Godsmack In Conversation With Sully Erna
Interview by Dillon Collins
20 years removed from their game-changing self-titled album, Godsmack continue to evolve with their seventh studio album, When Legends Rise. Famed frontman Sully Erna caught up with Metalheads Forever Magazine to talk creative forces, releasing the negative and having fun nearly 25 years into the business.
It’s been four years since you guys released 1000hp. Demand is high for your seventh record, When Legends Rise. How are you guys feeling about getting this thing out there?
Sully: It’s been four years since we released the last record, but people got to remember we toured on it for years and I spent a year touring on my solo record and all last year writing this record. Four years goes by for me in a blink of an eye. It’s time to get it going again, and the band is really amped up to get working. We’re excited and proud of this record. We think it’s the most unique record and something that can really push the boundaries for us and really push us to another level. We’re really hoping for the best.
By all indications you guys are having a blast with this material. The video for “ Bulletproof” featuring Billy Ray Cyrus and Sebastian Bach is so over the top and it just seems like you guys are having the time of your lives.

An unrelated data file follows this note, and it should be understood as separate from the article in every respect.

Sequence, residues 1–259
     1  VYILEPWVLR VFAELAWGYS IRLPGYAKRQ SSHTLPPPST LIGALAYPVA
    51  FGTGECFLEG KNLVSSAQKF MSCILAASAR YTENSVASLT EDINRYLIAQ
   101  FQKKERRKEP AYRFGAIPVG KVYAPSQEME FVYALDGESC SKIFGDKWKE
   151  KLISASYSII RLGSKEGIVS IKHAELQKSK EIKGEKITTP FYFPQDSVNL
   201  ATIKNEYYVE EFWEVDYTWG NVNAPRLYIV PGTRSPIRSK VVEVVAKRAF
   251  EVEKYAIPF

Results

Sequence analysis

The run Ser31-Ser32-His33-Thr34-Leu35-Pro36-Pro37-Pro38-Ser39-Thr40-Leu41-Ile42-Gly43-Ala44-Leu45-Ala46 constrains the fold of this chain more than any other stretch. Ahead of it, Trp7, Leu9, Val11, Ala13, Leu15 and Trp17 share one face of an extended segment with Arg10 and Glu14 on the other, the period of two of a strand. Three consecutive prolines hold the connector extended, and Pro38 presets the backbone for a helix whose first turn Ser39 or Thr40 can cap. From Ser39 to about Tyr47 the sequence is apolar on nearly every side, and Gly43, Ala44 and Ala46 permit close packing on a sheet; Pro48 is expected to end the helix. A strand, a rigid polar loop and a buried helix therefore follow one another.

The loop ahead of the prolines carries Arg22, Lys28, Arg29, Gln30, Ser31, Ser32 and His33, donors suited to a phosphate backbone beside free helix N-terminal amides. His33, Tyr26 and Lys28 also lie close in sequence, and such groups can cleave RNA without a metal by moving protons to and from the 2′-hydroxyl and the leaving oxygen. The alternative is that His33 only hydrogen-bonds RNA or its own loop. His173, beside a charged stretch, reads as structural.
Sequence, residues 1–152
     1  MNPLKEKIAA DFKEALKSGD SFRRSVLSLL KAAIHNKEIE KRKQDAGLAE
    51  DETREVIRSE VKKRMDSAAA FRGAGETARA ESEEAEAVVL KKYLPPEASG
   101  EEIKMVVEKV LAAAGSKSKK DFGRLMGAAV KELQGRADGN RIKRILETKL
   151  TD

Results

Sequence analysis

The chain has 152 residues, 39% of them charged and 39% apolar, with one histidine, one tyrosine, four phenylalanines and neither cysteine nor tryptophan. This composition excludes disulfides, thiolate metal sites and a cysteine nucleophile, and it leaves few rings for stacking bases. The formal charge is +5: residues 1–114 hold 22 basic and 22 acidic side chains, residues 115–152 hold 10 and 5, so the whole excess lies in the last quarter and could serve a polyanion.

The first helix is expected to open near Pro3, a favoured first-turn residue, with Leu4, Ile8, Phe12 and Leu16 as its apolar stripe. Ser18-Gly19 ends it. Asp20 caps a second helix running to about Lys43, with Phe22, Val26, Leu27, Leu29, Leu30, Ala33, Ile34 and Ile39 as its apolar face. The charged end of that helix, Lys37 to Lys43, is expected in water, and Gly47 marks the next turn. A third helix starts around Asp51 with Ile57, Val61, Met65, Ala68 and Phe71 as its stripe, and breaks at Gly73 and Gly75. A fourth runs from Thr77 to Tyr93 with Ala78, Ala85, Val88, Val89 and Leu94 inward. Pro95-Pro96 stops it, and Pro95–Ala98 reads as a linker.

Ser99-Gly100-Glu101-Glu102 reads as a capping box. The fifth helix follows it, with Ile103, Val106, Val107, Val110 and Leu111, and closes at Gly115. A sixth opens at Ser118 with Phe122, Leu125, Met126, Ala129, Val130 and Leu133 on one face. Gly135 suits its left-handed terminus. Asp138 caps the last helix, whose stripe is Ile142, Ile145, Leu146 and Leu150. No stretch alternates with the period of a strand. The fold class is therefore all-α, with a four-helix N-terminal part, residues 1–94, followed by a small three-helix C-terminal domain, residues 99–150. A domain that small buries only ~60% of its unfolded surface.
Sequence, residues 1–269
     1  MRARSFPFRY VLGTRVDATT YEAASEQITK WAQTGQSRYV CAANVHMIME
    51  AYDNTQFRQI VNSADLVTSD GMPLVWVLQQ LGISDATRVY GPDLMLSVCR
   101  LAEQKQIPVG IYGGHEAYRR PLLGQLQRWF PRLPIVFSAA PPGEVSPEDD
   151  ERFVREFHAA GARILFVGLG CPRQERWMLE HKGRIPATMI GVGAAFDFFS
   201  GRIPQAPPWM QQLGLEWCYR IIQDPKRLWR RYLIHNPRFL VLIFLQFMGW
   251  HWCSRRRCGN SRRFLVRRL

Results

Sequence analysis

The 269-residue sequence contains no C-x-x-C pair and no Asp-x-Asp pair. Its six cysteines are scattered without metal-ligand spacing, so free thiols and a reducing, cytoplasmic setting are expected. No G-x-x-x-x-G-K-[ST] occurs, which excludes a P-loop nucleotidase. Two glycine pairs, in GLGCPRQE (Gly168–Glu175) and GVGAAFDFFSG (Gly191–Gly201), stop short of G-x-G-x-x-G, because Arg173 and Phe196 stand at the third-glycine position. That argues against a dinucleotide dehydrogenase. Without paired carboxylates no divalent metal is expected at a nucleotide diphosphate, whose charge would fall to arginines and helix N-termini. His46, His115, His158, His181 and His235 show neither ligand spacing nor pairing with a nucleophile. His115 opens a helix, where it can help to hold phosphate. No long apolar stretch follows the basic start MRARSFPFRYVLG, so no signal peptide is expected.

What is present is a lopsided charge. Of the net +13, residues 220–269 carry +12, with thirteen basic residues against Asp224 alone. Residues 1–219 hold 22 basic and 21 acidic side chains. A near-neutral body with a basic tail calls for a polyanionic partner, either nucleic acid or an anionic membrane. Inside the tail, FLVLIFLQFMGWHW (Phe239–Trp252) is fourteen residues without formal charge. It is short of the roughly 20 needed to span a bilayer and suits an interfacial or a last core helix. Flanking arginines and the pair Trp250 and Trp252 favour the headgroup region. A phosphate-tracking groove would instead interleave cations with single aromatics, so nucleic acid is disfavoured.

Sully: We’re definitely having fun with it. We’ve gotten over all of the mountains, the challenges, dug through the trenches and we’ve done everything we can do as a band. We’ve laughed and fought and cried, you name it. We’ve gotten through the toughest of moments, moments that would have broken up most bands, and probably has. We were smart about it and decided not to do the selfish thing and let pride and ego get in the way, but go out get help and kind of regain the brotherhood. Now we’re past all that stuff, way past it. We know where everyone stands now, when to push someone and when to back off. Those are the hardest times, just that learning phase, and sometimes it takes a long time to learn and settle into the marriage. Really, it’s no different than a marriage. I’m married to three other guys for the past 20 years, and you have to kind of learn each other really well and know when to push and when to pull. Now it’s just fun for us. Now we have a career where we can just play some music and put out a record whenever we want, go on tour and have some fun. Not that we don’t try try to aspire to different goals – we certainly have personal goals and band goals that we’re trying to set – but at the same time if it all ended tomorrow, we have nothing to complain about. We have 23 top 10 singles, we’ve toured the world and played in front of a million fans. It’s like, what do we have to be upset about? It’s just about entertaining now. We’re all fun guys and have a big personality and we all constantly joke around with each other, so it’s like why wouldn’t we reflect that in what we do now? Let’s have some fun with what reality is, because reality for us was actually trying to direct our first video and the more we talked about it the more it sounded comical. As you know, they say comedy is just reality exaggerated. We got a funny video out of it.